SB 532 (Wiener): Ballot measures: local taxes. This bill would improve financial disclosures for local bonds and create new disclosures for tiered tax rates in the voter information guide, helping voters better understand the potential financial impacts of a proposed tax measure. This change would enable local jurisdictions to provide enhanced information in the voter information guide rather than on the 75-word ballot label, which does not provide enough space for appropriate context and explanation, ultimately causing confusion among voters.
CASBO Position: Support

Recent Amendments: specify that, if the 75-word cap is exceeded, the type size of the fiscal disclosure may be reduced by the minimal amount needed to prevent necessitating and extra ballot card, as long as the type size is (1) no smaller than 8- point, and (2) reduced by the same amount for all ballot measures.

Fiscal Impact: The Secretary of State (SOS) indicates that it would incur first-year costs of $133,000, and $128,000 annually thereafter, to review and recertify ballot-on-demand systems and inspect/recertify ballot printing facilities. (General Fund).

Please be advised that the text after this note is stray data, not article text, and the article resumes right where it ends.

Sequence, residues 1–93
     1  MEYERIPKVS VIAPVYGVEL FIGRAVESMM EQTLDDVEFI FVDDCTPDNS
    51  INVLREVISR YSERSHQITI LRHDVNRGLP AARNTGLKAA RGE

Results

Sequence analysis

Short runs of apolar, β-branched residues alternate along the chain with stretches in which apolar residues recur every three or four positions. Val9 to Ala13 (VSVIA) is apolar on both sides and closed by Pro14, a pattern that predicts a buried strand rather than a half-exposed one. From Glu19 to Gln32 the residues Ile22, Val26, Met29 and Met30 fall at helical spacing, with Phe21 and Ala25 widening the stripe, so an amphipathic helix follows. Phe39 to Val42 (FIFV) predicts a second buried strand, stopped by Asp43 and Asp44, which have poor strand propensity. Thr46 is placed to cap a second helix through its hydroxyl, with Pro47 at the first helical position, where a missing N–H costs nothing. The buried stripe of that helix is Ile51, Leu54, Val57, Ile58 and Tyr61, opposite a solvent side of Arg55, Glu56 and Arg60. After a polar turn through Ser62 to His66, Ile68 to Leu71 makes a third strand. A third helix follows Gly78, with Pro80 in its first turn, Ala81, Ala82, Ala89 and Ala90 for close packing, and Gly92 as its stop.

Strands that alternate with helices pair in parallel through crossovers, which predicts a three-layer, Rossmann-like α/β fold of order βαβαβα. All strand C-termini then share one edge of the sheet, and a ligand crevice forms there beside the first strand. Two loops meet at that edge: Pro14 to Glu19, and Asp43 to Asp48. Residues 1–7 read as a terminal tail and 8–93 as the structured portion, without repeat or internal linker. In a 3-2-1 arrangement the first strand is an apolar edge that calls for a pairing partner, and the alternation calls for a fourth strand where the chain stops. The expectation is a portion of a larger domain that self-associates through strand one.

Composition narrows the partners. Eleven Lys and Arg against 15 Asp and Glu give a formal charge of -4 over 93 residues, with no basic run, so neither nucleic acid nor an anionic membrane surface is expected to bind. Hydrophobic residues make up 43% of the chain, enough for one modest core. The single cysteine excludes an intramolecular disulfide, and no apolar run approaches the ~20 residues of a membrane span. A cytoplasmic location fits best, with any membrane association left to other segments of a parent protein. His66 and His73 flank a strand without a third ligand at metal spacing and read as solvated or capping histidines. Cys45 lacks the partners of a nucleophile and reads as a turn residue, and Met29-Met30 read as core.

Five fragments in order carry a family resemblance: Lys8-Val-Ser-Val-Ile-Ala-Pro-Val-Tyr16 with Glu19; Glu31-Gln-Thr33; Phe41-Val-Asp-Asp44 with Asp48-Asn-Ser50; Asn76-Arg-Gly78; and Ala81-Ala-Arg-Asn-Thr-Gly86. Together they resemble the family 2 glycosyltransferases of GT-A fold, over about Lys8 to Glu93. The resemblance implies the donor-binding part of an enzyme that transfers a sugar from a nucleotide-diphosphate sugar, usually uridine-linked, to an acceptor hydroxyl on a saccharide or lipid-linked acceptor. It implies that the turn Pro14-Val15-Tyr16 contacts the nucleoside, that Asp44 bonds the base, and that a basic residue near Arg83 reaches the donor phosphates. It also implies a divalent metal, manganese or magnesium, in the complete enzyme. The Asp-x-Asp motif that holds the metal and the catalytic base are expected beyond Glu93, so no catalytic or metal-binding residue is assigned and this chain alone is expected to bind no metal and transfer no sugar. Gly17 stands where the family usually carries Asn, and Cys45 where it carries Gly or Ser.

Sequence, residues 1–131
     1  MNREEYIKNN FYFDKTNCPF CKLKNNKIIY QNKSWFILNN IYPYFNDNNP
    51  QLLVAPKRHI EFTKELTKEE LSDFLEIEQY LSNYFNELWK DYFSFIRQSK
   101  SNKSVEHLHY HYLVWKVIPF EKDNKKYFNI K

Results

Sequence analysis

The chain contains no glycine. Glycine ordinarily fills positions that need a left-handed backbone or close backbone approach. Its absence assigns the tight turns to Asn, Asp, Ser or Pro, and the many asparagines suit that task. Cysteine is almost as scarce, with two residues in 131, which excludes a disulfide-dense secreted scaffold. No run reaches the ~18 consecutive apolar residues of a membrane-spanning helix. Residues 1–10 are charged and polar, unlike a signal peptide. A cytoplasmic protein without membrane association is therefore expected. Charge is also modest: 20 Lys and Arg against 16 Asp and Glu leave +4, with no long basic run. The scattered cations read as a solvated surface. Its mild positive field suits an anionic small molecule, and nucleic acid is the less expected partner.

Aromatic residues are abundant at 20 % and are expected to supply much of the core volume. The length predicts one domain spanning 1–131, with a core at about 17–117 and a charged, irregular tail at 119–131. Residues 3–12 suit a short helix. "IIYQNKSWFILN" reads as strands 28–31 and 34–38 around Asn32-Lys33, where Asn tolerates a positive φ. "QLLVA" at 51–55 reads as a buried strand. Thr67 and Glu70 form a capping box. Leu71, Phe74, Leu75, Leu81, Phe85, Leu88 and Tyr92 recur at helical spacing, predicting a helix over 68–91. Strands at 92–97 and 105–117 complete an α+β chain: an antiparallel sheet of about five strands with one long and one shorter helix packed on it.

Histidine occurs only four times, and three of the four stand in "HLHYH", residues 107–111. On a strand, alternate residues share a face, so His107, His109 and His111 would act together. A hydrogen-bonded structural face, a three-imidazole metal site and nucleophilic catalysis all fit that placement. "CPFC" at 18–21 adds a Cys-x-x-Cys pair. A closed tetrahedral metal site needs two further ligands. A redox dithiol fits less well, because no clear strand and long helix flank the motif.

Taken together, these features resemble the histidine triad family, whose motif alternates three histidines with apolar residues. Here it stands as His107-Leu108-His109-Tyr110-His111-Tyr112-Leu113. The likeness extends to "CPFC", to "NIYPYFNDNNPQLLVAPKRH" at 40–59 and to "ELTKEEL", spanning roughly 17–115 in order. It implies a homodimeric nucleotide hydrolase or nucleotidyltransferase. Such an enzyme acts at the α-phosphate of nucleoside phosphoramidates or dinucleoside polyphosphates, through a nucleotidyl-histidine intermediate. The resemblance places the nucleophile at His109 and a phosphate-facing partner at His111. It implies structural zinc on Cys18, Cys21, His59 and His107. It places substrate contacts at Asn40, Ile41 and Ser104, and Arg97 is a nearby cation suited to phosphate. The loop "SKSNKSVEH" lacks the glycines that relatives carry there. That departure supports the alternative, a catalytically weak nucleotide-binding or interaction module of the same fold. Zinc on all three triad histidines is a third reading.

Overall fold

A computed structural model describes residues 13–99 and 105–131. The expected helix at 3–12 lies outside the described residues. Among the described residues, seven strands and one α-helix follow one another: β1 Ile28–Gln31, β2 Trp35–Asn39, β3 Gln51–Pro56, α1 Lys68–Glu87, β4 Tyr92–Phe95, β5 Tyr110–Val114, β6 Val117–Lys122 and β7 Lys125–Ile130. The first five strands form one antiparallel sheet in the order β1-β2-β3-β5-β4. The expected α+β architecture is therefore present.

Health and Safety

AB 19 (Joe Patterson) Pupil health: opioid antagonists.This bill would require each individual public school operated by an LEA to maintain at least two doses of naloxone hydrochloride or another opioid antagonist for purposes of those authorizations.
CASBO Position: Support

Fiscal Impact: The Assembly Appropriations Committee indicates ongoing Proposition 98 GF costs of about $1.1 million annually for each public school to maintain at least two doses of naloxone hydrochloride or another opioid antagonist on its campus. 

SB 10 (Cortese) Pupil health: opioid overdose prevention and treatment. This bill would expand statewide prevention and education efforts to combat overdoses and fentanyl-related deaths that have plagued youth statewide.
CASBO Position: Watch

SB 868 (Wilk) Pupil safety: trauma kits.This bill would require LEAs to equip each classroom with a trauma kit and to offer training to employees on the use of such kits. Employees who render emergency care with such kits are granted qualified immunity from civil damages.